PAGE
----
Taking care of data management and security best practice
Nkhumeleni Kutama, Senior Business Intelligence Consultant at PBT Group
Every industry puts different expectations on its businesses. But regardless of this, any successful data management strategy requires governance and security policies to be put in place throughout the data lifecycle.
The strategy must support the business cases for data management while still measuring data maturity over time. Clearly defined data roles and responsibilities in focused business units will ensure the seamless execution of tasks as aligned to pre-determined accountability. To this end, a company should define, articulate, and implement the short, medium, and long-term objectives of their data management strategies.
Data security standards, guidelines, and usage policies must also be defined and implemented. Furthermore, data must be classified according to risk. For instance, personal information is one of the most valuable assets in any organisation and must therefore be highly classified.
Only then can security roles be created on the various data platforms to ensure the limited and controlled access of any individual. In conjunction with this, data integrity must be maintained to avoid unauthorised additions, changes, or the deletion of data.
From its creation in authoritative data sources, when it is stored in databases and processed using different analytical and visualisation platforms, and until such time it gets disposed of or archived, data must be secured.
Regulatory driving force
In South Africa, the Protection of Personal Information Act (POPIA) has been put in place to primarily protect the personal information being collected and processed across all public and private institutions.
POPIA, in force from June last year, means organisations must exercise caution when collecting and processing personal information. This is even more so the case when managing access to personal information within the business.
Beyond this, there is also the Cybercrimes Act which came into effect in December last year. This restricts any unauthorised access to data by criminalising hacking and ransomware.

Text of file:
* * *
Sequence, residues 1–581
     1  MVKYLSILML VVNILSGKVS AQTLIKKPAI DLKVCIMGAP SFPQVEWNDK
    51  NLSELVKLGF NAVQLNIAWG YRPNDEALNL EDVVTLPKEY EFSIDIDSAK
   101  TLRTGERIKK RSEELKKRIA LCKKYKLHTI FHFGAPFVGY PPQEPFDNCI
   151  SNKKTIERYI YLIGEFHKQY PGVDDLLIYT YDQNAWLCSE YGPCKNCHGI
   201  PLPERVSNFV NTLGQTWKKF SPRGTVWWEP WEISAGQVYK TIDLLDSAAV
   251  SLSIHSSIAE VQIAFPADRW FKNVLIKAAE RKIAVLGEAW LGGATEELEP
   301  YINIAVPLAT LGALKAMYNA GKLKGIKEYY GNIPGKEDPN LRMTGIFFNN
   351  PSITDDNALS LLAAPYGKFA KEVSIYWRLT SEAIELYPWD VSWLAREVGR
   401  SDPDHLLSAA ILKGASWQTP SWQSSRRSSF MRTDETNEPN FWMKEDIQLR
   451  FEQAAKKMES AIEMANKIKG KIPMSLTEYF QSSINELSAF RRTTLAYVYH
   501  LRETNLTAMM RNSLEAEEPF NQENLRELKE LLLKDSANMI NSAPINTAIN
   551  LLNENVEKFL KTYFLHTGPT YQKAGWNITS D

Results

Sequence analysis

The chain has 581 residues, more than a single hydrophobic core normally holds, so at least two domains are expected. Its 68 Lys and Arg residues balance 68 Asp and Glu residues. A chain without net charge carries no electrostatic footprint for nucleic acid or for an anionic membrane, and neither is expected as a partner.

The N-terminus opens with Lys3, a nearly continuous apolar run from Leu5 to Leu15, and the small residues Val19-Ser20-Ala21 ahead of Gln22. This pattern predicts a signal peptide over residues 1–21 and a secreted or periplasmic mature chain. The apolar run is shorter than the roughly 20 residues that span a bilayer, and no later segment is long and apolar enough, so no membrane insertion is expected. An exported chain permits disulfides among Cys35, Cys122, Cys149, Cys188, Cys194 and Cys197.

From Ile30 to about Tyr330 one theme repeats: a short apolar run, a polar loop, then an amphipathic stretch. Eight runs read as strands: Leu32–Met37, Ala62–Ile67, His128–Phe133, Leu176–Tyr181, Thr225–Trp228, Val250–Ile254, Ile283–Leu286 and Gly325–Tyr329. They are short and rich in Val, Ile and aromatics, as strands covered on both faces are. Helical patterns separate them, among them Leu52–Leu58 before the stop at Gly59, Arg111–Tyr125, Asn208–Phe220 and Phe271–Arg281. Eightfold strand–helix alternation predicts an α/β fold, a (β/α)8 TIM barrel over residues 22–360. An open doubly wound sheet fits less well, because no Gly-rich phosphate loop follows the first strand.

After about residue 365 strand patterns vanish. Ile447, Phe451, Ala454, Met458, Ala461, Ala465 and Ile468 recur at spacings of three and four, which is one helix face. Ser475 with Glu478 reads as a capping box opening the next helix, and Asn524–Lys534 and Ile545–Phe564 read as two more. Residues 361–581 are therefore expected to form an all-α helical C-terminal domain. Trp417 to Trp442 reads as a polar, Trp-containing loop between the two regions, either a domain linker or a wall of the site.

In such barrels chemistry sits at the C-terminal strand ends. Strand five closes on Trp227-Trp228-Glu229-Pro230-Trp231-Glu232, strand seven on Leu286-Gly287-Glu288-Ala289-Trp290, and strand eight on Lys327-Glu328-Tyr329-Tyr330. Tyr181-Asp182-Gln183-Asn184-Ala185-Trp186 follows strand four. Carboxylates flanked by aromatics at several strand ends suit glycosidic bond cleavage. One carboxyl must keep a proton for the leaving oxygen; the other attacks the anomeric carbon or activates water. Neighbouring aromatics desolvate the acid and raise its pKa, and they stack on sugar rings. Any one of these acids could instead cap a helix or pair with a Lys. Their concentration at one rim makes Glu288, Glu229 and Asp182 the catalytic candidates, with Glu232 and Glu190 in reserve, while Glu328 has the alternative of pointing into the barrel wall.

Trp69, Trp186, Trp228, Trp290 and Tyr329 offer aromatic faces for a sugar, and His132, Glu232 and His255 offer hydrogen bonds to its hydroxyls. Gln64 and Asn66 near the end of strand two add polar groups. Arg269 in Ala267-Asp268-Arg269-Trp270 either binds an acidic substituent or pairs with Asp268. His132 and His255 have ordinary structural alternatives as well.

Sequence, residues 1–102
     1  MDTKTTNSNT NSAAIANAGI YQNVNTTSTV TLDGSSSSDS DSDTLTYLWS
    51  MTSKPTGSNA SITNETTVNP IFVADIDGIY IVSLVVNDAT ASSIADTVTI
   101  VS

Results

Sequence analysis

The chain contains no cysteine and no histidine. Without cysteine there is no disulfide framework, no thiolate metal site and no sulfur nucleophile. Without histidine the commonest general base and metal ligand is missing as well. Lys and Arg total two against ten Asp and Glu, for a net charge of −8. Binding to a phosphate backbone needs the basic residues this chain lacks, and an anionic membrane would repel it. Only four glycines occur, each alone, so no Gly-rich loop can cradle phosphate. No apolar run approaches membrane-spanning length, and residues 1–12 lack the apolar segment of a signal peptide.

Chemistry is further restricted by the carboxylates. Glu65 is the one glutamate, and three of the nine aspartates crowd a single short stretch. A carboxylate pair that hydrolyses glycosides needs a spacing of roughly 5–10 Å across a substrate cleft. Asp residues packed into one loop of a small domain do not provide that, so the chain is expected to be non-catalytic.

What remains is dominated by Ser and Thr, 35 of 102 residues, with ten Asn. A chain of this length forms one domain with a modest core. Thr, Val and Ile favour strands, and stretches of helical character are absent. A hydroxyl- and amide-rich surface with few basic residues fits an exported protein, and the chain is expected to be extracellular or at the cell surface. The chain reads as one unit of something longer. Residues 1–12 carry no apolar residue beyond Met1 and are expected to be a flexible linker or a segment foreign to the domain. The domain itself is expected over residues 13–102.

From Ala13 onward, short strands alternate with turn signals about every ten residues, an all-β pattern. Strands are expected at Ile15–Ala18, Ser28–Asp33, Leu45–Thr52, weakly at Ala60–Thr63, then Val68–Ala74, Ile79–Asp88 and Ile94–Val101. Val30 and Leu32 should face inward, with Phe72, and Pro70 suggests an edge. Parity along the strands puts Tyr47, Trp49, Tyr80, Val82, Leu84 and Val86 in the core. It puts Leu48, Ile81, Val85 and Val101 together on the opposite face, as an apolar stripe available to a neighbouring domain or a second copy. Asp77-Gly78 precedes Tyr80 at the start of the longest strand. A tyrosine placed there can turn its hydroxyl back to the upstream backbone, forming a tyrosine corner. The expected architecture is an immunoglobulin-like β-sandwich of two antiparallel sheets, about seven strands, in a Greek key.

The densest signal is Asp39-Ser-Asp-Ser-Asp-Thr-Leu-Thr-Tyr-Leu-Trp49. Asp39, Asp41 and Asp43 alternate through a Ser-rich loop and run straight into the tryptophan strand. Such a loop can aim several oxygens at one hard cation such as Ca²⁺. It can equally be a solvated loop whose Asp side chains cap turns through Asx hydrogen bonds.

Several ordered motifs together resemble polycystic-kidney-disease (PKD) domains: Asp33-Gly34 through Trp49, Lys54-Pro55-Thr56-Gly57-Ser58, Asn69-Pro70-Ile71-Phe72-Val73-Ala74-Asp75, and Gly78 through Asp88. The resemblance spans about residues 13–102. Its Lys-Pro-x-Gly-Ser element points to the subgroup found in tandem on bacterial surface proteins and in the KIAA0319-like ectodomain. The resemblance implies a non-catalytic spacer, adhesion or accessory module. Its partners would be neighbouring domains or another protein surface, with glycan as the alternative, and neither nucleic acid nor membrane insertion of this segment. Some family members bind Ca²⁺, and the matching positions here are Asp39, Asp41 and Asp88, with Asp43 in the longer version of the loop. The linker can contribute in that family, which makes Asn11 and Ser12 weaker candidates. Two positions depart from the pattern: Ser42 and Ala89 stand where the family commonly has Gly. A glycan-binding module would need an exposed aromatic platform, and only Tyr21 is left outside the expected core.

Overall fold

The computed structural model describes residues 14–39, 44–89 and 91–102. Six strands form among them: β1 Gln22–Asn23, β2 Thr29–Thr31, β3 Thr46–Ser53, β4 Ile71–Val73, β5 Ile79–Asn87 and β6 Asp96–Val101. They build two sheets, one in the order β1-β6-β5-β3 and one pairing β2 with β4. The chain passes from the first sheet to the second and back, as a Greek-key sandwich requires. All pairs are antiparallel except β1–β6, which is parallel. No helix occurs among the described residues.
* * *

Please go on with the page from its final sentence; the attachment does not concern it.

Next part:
Digital tools are rapidly evolving thanks to the availability of more advanced technology. There are data storage platforms with advanced security features from various providers. Backup and recovery tools can be implemented in an event that the data is lost or corrupted.
Network tools like firewall security can be enabled across an organisation. Virtual private network tools assist employees to access the network from outside the premises. Anti-virus and anti-malware are essential tools for companies to mitigate against the risk of unauthorised access to their servers and endpoint devices.
Beyond the tools put in place, organisations must also embark on user awareness training. This is essential when it comes to the levels of data sensitivity and what people can access and consume via different channels. Employees need to be trained on identifying and avoiding the different types of cybersecurity threats that put data at risk.
Organisations must require people to set complex passwords and frequently change them. Tools can be put in place to set reminders to do so as well as provide suggestions on password length and special characters.
For data management and security policies to work, all employees must be adequately trained. A company needs to keep abreast of new threats and implement preventative measures. This will not only reduce the risk of reputational damage but also the resultant cost implications.
Accountability must therefore reside with the appropriate internal stakeholders to ensure data management and security are continually managed.